Proceeds from website advertising help sustain Lab Tests Online. AACC is a not-for-profit organization and does not endorse non-AACC products and services.


Print this article
Share this page:
Also known as: K
Formal name: Potassium, blood or urine

Board approvedAll content on Lab Tests Online has been reviewed and approved by our Editorial Review Board.

The Test Sample

What is being tested?

Potassium is an electrolyte that is vital to cell metabolism. It helps transport nutrients into cells and removes waste products out of cells. It is also important in muscle function, helping to transmit messages between nerves and muscles. This test measures the amount of potassium in the blood and/or urine.

Potassium, along with other electrolytes such as sodium, chloride, and bicarbonate (total CO2), helps regulate the amount of fluid in the body and maintains a stable acid-base balance. Potassium is present in all body fluids, but most potassium is found within the cells. Only a small amount is present in fluids outside the cells and in the liquid part of the blood (called serum or plasma).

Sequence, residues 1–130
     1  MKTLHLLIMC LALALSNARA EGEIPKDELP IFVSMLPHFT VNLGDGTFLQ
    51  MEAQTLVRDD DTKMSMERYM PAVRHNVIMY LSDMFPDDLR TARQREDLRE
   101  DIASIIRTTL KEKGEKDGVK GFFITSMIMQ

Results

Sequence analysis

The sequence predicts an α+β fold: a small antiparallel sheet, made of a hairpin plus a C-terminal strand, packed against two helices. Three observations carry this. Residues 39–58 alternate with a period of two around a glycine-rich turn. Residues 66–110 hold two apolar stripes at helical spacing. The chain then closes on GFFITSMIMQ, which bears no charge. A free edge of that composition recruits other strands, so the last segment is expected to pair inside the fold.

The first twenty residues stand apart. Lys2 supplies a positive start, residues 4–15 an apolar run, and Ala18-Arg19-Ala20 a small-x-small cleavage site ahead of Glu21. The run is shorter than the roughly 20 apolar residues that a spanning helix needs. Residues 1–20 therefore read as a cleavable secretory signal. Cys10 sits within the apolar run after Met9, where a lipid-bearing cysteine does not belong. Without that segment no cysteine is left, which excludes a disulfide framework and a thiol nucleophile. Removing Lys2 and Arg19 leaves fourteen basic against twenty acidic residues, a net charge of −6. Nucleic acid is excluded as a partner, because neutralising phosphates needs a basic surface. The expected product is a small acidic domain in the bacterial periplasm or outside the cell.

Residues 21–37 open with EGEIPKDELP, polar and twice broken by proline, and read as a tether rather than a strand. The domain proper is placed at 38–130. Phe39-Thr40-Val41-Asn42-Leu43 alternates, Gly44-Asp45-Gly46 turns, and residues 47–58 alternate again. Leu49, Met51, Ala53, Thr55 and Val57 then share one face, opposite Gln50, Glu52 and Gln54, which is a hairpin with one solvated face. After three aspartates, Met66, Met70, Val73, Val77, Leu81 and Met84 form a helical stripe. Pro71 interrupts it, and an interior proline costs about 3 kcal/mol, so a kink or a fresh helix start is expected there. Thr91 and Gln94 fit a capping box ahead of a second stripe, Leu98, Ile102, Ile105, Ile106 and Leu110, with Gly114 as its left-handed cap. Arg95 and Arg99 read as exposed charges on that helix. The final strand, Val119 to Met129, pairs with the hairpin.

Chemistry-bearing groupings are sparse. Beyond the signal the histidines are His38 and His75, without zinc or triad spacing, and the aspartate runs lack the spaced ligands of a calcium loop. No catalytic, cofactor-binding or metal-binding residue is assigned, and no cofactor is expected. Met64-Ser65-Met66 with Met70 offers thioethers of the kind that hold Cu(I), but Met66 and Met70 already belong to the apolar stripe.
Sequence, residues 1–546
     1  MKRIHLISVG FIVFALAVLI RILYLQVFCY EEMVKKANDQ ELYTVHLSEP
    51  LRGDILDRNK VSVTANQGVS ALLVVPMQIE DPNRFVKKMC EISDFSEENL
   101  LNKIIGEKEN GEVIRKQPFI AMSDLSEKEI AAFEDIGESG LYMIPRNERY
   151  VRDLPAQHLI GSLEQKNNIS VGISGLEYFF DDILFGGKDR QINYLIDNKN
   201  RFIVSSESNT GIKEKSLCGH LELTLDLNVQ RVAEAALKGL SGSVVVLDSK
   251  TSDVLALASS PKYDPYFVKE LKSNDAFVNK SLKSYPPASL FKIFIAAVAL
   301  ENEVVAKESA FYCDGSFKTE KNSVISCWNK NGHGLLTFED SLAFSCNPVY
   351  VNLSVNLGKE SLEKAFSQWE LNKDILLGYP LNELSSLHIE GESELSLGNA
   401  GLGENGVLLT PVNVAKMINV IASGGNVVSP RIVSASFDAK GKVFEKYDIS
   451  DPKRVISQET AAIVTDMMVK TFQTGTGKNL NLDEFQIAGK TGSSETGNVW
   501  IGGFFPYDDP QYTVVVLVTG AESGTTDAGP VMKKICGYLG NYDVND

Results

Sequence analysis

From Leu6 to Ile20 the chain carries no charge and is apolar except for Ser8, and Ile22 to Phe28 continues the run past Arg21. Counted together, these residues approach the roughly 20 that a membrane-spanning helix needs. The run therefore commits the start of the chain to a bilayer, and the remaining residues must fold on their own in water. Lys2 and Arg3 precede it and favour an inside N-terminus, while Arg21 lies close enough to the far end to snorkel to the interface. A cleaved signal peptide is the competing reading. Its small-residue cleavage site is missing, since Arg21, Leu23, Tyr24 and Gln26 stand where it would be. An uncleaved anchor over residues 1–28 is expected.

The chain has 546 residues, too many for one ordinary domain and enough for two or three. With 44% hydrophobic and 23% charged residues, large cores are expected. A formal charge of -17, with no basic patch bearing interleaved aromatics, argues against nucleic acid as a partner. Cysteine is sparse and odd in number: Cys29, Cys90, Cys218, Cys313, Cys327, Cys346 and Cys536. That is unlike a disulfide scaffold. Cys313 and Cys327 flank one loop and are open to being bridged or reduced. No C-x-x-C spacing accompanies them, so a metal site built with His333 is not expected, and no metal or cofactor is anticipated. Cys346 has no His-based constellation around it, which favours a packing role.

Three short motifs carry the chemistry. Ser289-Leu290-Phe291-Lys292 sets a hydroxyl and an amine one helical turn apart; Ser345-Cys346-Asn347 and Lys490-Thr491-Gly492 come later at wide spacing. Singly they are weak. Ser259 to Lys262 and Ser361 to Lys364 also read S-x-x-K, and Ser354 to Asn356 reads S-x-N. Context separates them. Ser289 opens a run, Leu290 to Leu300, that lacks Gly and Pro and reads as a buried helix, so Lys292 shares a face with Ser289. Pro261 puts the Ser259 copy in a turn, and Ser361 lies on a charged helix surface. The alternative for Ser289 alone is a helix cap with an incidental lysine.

We get most of the potassium we need from the foods that we eat and most people have an adequate intake of potassium. The body uses what it requires and the kidneys eliminate the rest in the urine. The body tries to keep the blood potassium level within a very narrow range. Levels are mainly controlled by aldosterone, a hormone produced by the adrenal glands in the kidneys.

Because the blood concentration of potassium is so small, minor changes can have significant consequences. If potassium levels are too low or too high, there can be serious health consequences; a person may be at risk for developing shock, respiratory failure, or heart rhythm disturbances. An abnormal potassium level can alter the function of the nerves and muscles; for example, the heart muscle may lose its ability to contract.

How is the sample collected for testing?

A blood sample is taken by needle from a vein in the arm. Potassium can also be measured in a random or 24-hour urine sample.

NOTE: If undergoing medical tests makes you or someone you care for anxious, embarrassed, or even difficult to manage, you might consider reading one or more of the following articles: Coping with Test Pain, Discomfort, and Anxiety, Tips on Blood Testing, Tips to Help Children through Their Medical Tests, and Tips to Help the Elderly through Their Medical Tests.

Another article, Follow That Sample, provides a glimpse at the collection and processing of a blood sample and throat culture.

Is any test preparation needed to ensure the quality of the sample?

No test preparation is needed.